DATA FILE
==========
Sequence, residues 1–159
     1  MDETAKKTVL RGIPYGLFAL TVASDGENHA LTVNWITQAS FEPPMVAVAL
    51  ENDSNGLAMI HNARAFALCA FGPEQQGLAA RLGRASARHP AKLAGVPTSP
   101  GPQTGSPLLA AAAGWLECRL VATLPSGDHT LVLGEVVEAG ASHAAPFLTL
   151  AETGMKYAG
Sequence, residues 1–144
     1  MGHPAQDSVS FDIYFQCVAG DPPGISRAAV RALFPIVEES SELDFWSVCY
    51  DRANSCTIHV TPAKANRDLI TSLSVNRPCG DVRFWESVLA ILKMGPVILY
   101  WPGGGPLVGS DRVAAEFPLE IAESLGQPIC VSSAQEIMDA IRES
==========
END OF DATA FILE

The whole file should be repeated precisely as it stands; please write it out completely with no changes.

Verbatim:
Sequence, residues 1–159
     1  MDETAKKTVL RGIPYGLFAL TVASDGENHA LTVNWITQAS FEPPMVAVAL
    51  ENDSNGLAMI HNARAFALCA FGPEQQGLAA RLGRASARHP AKLAGVPTSP
   101  GPQTGSPLLA AAAGWLECRL VATLPSGDHT LVLGEVVEAG ASHAAPFLTL
   151  AETGMKYAG
Sequence, residues 1–144
     1  MGHPAQDSVS FDIYFQCVAG DPPGISRAAV RALFPIVEES SELDFWSVCY
    51  DRANSCTIHV TPAKANRDLI TSLSVNRPCG DVRFWESVLA ILKMGPVILY
   101  WPGGGPLVGS DRVAAEFPLE IAESLGQPIC VSSAQEIMDA IRES